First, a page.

There is a huge difference between saying “we train to a standard,” or “we measure student performance,” and actually doing one, the other, or both.
Just saying those catch phrases doesn’t make it so – actually doing these things requires collecting verifiable, relevant data (and lots of it), understanding precisely what the data means, translating it into useful information that will guide student improvement, communicating that information in a way the student can easily comprehend…and being able to do that in a way that enhances as opposed to impedes the learning process.
In driver training, the Friction Circle is just one example of a litany of tools and that sets those who establish and adhere to standards and are committed to accurately measuring performance in meaningful ways from those who simply talk about training standards and measuring performance. While it is just one tool (albeit it a vital one), that provides just one set of data (albeit a critical one), the experienced, knowledgeable instructor not only understands its value and application but is adept at integrating it into their training process.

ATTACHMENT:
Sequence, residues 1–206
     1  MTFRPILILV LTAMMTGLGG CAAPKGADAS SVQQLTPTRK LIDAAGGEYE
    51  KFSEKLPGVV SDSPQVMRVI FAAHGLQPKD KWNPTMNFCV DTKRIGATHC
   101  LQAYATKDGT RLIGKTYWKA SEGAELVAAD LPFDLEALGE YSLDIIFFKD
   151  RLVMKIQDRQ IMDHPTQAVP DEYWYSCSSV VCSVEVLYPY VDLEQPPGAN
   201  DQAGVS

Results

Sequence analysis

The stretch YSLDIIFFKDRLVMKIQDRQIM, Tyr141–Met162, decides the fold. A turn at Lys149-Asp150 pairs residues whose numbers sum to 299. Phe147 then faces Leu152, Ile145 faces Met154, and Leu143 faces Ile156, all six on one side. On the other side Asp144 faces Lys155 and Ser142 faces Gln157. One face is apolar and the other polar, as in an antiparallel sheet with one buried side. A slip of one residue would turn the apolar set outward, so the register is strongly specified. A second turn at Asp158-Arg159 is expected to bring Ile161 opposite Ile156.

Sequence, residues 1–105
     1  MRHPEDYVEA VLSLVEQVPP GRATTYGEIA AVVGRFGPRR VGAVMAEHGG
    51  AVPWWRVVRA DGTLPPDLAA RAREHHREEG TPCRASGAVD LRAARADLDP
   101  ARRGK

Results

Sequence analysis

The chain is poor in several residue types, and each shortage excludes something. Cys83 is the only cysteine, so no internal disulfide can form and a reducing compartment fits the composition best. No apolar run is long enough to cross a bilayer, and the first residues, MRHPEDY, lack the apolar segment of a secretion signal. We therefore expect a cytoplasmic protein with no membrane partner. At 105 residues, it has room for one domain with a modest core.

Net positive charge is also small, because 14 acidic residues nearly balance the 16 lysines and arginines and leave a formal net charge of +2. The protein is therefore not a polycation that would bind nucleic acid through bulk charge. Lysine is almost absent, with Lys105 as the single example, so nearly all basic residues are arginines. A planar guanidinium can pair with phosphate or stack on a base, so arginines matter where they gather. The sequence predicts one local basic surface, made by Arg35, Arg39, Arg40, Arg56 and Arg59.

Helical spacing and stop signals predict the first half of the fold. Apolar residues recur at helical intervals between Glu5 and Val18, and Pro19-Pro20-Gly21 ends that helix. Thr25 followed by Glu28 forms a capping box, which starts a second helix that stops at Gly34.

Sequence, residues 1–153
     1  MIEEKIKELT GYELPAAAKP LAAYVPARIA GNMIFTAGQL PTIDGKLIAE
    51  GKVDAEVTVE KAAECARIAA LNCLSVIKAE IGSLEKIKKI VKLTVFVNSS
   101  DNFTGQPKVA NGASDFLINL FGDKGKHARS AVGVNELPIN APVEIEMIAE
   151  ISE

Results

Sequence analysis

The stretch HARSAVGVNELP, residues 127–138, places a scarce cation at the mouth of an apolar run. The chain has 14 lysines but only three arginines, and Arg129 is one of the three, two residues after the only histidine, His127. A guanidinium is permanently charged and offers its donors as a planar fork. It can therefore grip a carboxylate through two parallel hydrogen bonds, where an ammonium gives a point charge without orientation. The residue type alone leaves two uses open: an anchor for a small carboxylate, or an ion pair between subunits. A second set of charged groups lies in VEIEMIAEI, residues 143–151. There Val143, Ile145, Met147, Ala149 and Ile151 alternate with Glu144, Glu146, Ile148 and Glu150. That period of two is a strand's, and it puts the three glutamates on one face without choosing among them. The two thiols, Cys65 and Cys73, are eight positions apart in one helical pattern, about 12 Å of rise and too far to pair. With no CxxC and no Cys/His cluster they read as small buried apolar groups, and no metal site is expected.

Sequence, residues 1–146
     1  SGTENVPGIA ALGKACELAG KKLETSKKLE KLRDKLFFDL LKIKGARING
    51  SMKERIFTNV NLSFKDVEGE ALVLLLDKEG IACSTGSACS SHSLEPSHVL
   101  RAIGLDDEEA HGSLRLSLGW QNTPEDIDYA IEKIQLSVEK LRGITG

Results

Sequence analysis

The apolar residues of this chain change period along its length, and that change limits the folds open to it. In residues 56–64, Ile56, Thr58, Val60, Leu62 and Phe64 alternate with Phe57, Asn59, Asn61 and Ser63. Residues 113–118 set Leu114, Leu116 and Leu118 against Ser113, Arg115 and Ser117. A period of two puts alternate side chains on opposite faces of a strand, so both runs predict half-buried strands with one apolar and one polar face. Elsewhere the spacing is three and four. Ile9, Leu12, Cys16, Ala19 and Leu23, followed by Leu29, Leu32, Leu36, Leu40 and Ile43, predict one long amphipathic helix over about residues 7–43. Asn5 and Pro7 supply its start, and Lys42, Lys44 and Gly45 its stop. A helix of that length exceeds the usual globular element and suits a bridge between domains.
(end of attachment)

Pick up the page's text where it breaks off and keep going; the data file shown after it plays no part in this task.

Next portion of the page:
When it comes to designing, developing and implementing objective training standards and measuring student performance to identify areas for improvement and ensuring that those standards are met, those who have actually done it can easily recognize those who simply say they do – or are engaged in “training theater and theatrics.” Those that have actually been trained to an objective standard and had their performance measured and analyzed intuitively know the difference between the two.
So, the next time a training provider talks about “training to a standard” and “measuring performance” you may want to ask them three simple questions – where is the standard derived from, what metrics are used to measure performance, and how do they apply to actually performing the tasks being trained on in the real world? The answers will go a long way to revealing whether they are what they say they are, or just another thespian.
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